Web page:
Tips for Going Virtual with Events

Recent Coronavirus developments have made virtual events a necessary solution to keep organizations connected to their audiences. As you consider your options, these tips can help you ask the right questions, provide thoughtful answers, and be ready to discuss initial details, from picking a virtual format to providing tips on how to make the event run smoothly.

Guiding the conversation

In an increasingly busy virtual world, where people are seeking immediate crisis-related information, first ask yourself:

  • Is the event’s message immediately relevant in the current landscape? How will the message be received if put out there today? Can the message shift to become more relevant or appropriate?
  • What is the benefit in having this event now?
  • Can we postpone or use another communication tool more successfully at this moment in time?

If you are uncertain about transitioning from in-person to online, consider these pros for moving forward virtually:

  • Technology connects people, making it possible to reach a much wider audience and increase engagement.
  • You can include speakers who may not have the time required for an in-person appearance.
  • Virtual events are a cost-effective option to live events.

Transitioning from in-person to online

With social distancing and limitations on gathering, most events will likely become webinar-type experiences. Below are key considerations as you plan and execute your online event:

Planning ahead

  • Platform selection. When choosing a platform to host your virtual event (e.g., Zoom, GoTo, Webex), select one that you and your speakers are familiar with. Most platforms offer similar features, so unless there is a very specific need, use the one that you know best.
  • Three-person team minimum. To run a successful virtual event, you need a team of at least three people to ensure everything runs smoothly and no one is overwhelmed in their role.
    • This person speaks to the audience, introducing speakers, and often controlling the progression of slides, if applicable.
    • This person performs important behind-the-scenes functions (chatting with attendees, sending links to resources, filtering audience questions) and also serves as backup emcee should the emcee’s computer go down.
    • This person runs the technical aspects of the event (monitoring the audio/video, muting/unmuting speakers, enabling/disabling polling, controlling screensharing), critical for an event to feel smooth and polished.
  • Prepare a script. While you don’t want an emcee to sound overly scripted or unnatural, you most certainly want a script to ensure the event’s run of show is followed.
  • Know who’s in control. Different platforms have different host, presenter, and attendee capabilities. Know these different controls (how to mute/unmute, screenshare, enable video, ask a question, use the chat box) and determine who needs access to what and how to give it.
  • Schedule (and record) a dry run. You want to host a dry run so your team and speakers are familiar with the platform technology and can troubleshoot any technological or physical issues. You should record the dry run so you have the entire event backed up in case of unforeseen technical difficulties during the live event.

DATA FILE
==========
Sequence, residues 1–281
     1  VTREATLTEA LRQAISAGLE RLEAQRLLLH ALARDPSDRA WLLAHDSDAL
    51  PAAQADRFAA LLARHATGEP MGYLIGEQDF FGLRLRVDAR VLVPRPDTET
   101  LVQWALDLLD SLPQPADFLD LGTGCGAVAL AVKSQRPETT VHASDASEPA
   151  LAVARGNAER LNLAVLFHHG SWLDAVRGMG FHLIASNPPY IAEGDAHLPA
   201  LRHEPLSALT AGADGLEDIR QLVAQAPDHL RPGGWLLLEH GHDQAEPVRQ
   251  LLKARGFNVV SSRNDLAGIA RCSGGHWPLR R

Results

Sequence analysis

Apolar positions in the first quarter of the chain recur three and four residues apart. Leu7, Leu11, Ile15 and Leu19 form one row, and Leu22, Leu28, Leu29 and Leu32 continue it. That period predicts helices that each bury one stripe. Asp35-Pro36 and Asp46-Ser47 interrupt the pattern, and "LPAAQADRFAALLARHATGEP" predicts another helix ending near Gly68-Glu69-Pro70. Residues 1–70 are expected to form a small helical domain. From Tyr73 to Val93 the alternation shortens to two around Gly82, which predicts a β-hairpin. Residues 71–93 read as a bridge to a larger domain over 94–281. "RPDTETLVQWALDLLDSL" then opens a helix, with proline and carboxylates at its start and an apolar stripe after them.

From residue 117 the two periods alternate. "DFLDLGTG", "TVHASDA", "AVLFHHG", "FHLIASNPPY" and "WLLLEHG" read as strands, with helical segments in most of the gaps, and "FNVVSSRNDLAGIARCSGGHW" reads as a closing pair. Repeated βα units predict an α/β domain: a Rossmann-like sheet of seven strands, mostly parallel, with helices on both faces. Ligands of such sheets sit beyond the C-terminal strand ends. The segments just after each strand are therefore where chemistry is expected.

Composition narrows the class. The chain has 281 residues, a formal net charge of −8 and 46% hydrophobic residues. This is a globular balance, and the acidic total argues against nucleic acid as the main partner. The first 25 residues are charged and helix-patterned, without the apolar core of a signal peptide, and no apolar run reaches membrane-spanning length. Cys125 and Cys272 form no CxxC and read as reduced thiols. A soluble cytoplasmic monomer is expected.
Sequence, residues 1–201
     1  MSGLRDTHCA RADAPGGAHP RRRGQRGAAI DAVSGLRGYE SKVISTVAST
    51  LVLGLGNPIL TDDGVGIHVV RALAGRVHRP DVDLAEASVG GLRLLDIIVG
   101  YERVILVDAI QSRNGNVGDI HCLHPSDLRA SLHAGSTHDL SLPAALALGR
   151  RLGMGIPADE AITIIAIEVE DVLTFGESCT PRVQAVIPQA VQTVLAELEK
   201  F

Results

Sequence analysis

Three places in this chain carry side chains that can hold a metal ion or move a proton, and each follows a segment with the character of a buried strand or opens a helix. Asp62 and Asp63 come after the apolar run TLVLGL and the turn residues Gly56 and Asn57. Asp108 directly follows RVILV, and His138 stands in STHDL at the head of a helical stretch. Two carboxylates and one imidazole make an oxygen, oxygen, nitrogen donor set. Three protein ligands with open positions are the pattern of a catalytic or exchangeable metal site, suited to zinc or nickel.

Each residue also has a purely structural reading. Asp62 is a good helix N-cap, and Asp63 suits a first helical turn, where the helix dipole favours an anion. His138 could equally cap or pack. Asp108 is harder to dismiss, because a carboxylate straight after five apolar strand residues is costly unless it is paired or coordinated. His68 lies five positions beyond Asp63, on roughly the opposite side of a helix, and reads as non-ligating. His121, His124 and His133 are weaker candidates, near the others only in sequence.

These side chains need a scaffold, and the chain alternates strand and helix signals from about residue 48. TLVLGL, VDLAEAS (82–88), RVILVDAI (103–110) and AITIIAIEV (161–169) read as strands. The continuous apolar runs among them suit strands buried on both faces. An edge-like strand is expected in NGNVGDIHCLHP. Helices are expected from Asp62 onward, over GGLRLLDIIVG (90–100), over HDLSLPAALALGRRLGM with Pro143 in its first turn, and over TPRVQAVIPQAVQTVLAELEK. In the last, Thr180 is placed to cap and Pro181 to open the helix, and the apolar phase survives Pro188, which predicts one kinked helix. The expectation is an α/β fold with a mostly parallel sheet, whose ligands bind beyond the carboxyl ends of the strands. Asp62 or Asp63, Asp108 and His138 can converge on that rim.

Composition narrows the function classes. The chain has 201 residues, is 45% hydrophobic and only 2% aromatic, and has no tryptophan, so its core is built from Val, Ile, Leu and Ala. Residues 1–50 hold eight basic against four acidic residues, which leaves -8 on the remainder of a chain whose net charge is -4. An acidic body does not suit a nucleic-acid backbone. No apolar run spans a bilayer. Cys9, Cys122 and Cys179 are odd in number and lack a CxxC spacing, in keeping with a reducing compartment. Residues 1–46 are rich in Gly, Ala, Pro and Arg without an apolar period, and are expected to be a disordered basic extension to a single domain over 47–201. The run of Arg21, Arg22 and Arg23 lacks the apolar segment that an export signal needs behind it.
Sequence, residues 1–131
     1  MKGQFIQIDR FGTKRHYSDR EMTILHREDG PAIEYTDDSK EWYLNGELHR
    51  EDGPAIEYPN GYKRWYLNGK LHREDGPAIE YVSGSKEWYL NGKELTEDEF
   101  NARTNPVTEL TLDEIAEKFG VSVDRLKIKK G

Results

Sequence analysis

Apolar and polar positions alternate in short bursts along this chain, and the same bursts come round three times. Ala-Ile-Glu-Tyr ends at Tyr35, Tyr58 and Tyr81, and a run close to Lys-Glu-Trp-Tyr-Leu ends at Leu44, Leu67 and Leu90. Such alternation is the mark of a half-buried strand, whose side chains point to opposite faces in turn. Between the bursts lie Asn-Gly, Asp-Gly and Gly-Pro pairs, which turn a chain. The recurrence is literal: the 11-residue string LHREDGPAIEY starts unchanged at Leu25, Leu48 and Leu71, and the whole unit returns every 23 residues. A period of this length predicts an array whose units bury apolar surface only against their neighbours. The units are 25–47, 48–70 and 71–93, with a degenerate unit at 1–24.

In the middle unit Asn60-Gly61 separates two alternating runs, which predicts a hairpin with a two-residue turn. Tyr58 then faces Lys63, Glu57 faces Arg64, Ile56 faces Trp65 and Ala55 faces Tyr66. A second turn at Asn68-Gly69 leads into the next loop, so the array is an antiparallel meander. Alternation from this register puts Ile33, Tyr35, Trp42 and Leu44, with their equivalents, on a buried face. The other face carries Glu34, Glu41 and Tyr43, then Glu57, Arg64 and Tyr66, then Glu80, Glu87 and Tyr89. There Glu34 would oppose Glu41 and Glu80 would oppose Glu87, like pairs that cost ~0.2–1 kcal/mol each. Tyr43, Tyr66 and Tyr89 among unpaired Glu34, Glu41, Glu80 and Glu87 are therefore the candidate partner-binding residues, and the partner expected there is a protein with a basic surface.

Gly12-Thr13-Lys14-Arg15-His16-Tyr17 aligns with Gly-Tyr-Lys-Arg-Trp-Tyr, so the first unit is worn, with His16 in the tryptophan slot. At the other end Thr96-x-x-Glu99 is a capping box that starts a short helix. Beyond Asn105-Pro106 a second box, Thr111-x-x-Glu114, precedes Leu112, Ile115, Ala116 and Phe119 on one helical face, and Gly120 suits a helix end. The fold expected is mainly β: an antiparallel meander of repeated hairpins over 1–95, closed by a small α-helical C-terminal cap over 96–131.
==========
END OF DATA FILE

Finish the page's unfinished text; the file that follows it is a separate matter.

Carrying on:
• Lay ground rules. People come to virtual events with many different expectations and professional etiquette can be unclear when joining the event from the comfort of their own home. Clearly communicate your expectations to speakers and attendees (e.g., keep your video disabled and yourself muted until it’s your time to speak) to help ensure your event appears polished.
  • Ask for feedback. Consider including a post-event survey to collect feedback on the presenters, content, and audience satisfaction.

Day-of reminders

  • Hardwire internet connections. Whether a small meeting or large livestreamed event, don’t rely on Wi-Fi whenever possible. The system might not be able to support the bandwidth and the wireless connection could go down.
  • Dress to impress. Whether video is enabled or not, dressing professionally and looking your best will make you feel confident and help you deliver a more engaging presentation.
  • Sign on early. Have your team and speakers sign on at least 30 minutes early to individually test audio and video and work out any technical issues before the event begins.
  • Minimize background noise. Encourage your team and speakers to join from a quiet place, use headphones, and keep themselves muted until it’s their time to speak to cut down on noise distractions.
  • Be mindful when screensharing. Know if your platform automatically shares your screen or must be enabled after the event starts (nobody wants to see you checking your email before the official event starts!).
  • Start on time. In addition to signing on early, give your team and speakers five, two, and one-minute warnings before going live, mute everyone who’s not the first speaker, and then action!
  • Give a two-minute audience tutorial. Your audience may or may not be new to the platform so take a couple of minutes to explain how to use the chat box, ask questions, answer polls, raise hands, mute/unmute themselves, etc. This is also a good opportunity to note whether the event will be recorded and shared following the event’s conclusion.

These practical tips are just the starting point for a successful online experience. With our expertise in conceptualizing and executing virtual gatherings, Hatcher Events can help you navigate a quickly-changing events landscape and keep you connected to your audience.

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